A species of reptile that lived in the Triassic between about 242 million years ago, named Tanystropheus with a really long neck, has puzzled scientists since a fossil was discovered in 1852. However, recently In a new study, scientists have revealed some absolutely amazing facts surrounding animals. This news quickly spread on social networks, and since then has created a fairly large buzz on the internet.
“For those interested in Triassic reptiles, it is not just a fossil,” said Olivier Rieppel, a paleontologist at the Field Museum in Chicago and one of the authors of the study. iconic but also an issue of controversy and discussion.
Tanystropheus illustrations shared on Twitter. (Twitter / Field Museum (Emma Finley-Jacob))
The Field Museum also took to Twitter to share a topic detailing various interesting events discovered about reptiles and a link to a CNN report. “Since 1852, scientists have been puzzled by the Tanystropheus, an animal that lived 242 million years ago. The long, hollow bones show it to be a flying reptile, like a pterodactyl. In fact, these are ancient bones, ”they tweeted and shared an illustration of the reptile.
They also tweeted that these large-necked animals were not on land but underwater.
The Tanystropheus is a 20 foot long reptile with a 10 foot long neck. But scientists still do not know whether it grazed the ground or swam across the water. 🤔
Would you like to have a neck or legs that are twice as long as your body?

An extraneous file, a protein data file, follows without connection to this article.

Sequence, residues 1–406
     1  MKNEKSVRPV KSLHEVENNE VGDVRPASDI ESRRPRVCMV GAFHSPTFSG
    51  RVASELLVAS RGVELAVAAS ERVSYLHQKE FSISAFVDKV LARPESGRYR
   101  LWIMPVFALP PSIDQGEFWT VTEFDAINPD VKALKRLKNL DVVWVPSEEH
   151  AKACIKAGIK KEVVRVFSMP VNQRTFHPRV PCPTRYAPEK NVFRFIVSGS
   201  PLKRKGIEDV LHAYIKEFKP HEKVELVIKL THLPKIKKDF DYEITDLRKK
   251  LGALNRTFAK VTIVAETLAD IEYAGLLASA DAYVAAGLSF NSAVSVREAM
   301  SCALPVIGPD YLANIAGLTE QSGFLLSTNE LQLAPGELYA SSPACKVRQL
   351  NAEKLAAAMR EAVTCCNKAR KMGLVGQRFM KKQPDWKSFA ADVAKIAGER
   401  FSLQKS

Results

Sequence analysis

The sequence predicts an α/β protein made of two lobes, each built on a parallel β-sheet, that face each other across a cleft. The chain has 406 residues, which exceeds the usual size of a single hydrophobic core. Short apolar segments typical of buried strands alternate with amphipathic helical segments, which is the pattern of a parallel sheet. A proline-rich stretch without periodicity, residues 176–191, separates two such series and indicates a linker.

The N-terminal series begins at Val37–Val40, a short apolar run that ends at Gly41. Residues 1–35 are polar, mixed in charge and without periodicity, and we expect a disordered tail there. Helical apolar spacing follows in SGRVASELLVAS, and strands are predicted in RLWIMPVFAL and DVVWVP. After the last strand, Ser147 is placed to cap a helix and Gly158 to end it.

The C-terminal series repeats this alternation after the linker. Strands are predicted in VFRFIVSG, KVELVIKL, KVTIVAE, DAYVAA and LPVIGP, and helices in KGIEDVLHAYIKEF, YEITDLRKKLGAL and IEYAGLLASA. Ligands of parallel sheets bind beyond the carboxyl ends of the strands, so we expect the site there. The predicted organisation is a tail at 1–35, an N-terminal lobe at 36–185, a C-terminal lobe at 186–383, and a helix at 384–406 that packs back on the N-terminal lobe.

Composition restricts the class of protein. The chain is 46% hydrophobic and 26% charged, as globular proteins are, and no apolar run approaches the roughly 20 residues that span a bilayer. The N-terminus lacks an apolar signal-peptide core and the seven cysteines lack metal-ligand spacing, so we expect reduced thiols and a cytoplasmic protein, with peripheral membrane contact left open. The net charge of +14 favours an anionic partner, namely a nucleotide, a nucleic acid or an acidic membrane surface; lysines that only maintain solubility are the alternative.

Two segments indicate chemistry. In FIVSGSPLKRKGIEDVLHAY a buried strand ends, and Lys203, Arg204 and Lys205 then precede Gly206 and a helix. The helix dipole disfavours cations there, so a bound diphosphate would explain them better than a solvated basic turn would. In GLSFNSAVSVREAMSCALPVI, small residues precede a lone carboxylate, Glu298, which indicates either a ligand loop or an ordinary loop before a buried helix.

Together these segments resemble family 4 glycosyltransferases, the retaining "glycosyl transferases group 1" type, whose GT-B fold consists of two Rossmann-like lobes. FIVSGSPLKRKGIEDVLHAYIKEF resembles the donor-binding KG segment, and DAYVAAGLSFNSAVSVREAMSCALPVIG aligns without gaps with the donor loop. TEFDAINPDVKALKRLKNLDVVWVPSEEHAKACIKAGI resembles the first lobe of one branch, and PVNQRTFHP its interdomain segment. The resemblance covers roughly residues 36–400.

– Field Museum (@FieldMuseum) August 7, 2020
According to CNN, this species used to live in the Monte San Giorgio basin of Switzerland during the Middle Triassic. They also have an unusually long neck about 10 feet long, half of their entire body 20 feet long.
Tanystropheus has always intrigued scientists. Now, using computerized tomography (CT) technology, scientists have digitally recreated the crushed skulls of the fossils, thereby providing them with new information.
People shared various comments on social media platforms, especially Twitter.
Tanystropheus wants you to know you can do it! pic.twitter.com/uSPa0CvDCE
– Joe Montibello (@firstweet) August 6, 2020
Tanystropheus has been one of my favorites since I was really young, and I’m happy to see that long little guy on my feed today. I was falling asleep so I didn’t read the new research until morning. Tho lol
– Marie @ COMMISSIONS OPEN #bIm (@SlushieCafe) August 8, 2020
I’ve never heard of this boy before but I fell in love with his long long neck. This boy hugged his neck!
– Abby (@Maebold) August 8, 2020
I only learned about tanystropheus for the first time, thanks to the science alert emails I received, and all of this makes a giraffe look short.
– Amanda Morris 🌵 (@AmandaMoMorris) August 7, 2020
The best news today is Tanystropheus MY FRIENDS is getting love on Twitter ❤❤
– Three Hares (@threehares) August 8, 2020
What’s your point of view?